On 18 October 1909 Joyce left Trieste to set up the Volta cinema in Dublin.
Shortly after arriving in Trieste in September 1909, Eva Joyce suggested to her brother that Dublin needed a cinema like those she saw in Trieste. Joyce managed to persuade some Triestine businessmen with connections to local cinemas to put up the necessary money, and on 18 October 1909 he set out from Trieste to establish the first dedicated cinema in Dublin.
Joyce travelled from Trieste to Paris where he arrived on 20 October. He claimed that he had to kick himself out of the city as he would otherwise have stayed a week, attracted in part by a performance of Meyerbeer’s La Prophète in which Albert Alvarez and Mary Garden were singing.
While in Paris he also heard a recording of Enrico Caruso singing a duet from the end of Act I of Puccini’s Madame Butterfly, and in subsequent letters to Nora from Dublin he calls her ‘Butterfly’ and encourages her to go see Madame Butterfly. He even tells his brother Stanislaus to make sure she goes to see it.
Joyce left Paris for London on the evening of 20 October and wrote to Stanislaus from London the following day complaining of being sick on a bad crossing from Dieppe, and saying that he would never travel via Dieppe again despite getting an upgrade to first class for his train journey. That evening he suffered another bad crossing on the last stage of his journey to Dublin.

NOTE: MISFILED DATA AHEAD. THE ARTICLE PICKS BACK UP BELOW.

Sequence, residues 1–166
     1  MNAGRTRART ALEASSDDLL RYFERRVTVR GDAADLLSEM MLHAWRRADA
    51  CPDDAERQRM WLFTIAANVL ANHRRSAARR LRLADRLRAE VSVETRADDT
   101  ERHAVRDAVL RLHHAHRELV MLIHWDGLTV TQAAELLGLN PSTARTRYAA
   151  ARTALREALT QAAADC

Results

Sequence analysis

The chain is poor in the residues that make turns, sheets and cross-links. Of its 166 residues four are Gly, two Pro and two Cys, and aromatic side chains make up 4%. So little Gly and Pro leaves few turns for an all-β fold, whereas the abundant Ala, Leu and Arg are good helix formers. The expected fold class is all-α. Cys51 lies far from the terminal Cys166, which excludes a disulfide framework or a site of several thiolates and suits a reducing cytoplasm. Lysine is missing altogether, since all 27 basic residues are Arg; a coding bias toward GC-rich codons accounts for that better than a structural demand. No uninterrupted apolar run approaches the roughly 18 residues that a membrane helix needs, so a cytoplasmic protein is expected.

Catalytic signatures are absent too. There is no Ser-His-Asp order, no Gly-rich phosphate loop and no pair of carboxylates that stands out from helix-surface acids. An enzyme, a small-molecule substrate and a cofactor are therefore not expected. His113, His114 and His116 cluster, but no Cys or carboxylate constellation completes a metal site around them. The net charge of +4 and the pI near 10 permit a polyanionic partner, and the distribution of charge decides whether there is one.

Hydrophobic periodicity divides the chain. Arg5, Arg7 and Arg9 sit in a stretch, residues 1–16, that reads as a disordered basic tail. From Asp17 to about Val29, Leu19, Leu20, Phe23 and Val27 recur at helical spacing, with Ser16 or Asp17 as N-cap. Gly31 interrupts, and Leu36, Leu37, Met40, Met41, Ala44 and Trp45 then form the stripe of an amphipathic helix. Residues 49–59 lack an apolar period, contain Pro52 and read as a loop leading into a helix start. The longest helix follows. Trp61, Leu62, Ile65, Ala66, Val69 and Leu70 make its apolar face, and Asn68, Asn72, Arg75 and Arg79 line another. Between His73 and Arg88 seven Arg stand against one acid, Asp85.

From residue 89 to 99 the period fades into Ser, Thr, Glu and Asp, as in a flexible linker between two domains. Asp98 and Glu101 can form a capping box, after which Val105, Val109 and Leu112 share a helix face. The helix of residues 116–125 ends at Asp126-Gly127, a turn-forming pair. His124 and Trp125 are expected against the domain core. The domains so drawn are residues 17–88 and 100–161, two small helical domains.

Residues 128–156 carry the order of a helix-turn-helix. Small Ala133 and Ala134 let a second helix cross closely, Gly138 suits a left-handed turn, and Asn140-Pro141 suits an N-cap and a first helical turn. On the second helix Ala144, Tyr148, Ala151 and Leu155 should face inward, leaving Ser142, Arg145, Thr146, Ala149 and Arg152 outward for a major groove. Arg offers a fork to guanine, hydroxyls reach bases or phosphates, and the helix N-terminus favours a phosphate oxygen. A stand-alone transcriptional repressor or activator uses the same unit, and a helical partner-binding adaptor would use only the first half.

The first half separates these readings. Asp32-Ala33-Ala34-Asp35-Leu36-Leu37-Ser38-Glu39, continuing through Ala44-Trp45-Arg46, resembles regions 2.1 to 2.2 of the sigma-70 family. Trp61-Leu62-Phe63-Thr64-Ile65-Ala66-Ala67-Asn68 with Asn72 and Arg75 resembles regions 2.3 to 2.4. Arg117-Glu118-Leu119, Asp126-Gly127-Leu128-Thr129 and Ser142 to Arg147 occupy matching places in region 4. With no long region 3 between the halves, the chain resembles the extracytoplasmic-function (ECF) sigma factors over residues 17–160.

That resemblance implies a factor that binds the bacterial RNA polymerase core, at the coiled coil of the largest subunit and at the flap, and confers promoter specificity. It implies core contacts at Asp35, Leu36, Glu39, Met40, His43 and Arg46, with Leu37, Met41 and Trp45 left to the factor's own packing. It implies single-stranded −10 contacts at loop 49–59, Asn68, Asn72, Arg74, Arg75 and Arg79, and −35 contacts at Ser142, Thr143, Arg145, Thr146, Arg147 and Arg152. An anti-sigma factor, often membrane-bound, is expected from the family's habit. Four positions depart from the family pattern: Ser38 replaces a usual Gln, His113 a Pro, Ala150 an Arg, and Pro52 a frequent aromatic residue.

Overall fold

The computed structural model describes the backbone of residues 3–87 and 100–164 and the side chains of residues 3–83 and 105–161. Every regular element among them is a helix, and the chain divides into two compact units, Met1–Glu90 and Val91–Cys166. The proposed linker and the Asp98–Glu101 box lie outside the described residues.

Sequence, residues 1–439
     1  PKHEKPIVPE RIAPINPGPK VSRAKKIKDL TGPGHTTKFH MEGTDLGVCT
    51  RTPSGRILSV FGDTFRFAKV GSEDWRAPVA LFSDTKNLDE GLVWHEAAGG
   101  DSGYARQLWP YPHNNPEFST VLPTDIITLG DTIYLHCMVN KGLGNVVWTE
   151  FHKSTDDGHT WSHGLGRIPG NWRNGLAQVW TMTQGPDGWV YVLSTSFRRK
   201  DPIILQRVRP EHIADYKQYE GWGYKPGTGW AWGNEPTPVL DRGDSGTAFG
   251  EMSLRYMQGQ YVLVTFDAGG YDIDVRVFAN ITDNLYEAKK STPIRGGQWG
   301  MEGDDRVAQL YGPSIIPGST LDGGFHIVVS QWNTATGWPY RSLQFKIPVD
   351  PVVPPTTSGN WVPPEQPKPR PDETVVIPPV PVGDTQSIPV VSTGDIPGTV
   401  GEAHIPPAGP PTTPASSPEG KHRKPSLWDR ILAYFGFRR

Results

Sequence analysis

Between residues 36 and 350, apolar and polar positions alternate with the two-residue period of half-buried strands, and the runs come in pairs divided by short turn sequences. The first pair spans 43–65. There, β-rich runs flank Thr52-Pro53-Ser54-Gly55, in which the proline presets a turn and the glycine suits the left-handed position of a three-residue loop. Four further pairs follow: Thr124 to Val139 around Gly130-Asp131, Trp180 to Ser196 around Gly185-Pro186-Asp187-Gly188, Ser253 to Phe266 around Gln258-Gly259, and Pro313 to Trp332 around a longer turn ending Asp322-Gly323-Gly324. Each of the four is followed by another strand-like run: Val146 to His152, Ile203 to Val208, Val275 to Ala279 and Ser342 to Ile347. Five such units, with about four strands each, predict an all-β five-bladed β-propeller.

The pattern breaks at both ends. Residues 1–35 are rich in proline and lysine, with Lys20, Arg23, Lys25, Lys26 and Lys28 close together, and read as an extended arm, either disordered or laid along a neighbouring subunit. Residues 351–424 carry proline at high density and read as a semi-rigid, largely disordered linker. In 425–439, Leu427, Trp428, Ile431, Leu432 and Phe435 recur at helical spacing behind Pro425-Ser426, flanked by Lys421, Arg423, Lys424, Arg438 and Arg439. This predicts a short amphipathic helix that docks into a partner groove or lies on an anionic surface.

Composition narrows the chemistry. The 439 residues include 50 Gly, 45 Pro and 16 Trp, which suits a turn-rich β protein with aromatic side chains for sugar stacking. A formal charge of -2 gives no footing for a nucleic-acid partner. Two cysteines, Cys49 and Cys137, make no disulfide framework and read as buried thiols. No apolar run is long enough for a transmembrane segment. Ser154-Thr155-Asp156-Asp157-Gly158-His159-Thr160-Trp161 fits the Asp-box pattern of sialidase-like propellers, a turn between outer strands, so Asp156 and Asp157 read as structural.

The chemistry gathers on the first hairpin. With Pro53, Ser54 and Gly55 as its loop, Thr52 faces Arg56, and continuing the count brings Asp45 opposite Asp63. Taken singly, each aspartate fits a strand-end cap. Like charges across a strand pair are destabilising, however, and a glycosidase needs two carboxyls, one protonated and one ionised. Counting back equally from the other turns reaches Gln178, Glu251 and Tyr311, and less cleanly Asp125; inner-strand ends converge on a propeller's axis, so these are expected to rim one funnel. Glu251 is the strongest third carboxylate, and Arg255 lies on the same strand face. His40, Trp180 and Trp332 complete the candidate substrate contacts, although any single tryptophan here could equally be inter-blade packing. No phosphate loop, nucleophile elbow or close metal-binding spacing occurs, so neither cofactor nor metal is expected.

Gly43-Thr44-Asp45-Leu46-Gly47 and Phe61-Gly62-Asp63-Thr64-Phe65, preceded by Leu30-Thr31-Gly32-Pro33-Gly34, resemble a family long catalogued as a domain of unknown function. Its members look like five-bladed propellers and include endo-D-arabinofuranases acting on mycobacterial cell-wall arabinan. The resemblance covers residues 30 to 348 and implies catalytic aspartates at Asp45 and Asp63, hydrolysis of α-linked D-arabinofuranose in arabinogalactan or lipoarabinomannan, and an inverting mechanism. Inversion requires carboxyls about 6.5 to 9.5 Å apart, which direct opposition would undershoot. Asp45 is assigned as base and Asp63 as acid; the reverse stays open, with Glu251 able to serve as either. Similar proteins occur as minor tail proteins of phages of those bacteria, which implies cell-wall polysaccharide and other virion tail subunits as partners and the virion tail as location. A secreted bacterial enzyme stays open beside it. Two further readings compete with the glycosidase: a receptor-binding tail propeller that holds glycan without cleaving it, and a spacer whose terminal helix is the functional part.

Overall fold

Immediately after his arrival in Dublin, Joyce threw himself into the job of setting up the cinema. He started looking for premises to house the proposed cinema, and arranged an appointment with Dublin Corporation’s theatre inspector about getting a licence. He found a suitable venue at 45 Mary Street where the Volta cinema opened on 20 December 1909.
Sources & Further Reading:
Joyce, James: Letters of James Joyce, vol. II edited by Richard Ellmann, London: Faber & Faber, 1966.
Norburn, Roger: A James Joyce Chronology, Basingstoke: Palgrave Macmillan, 2004.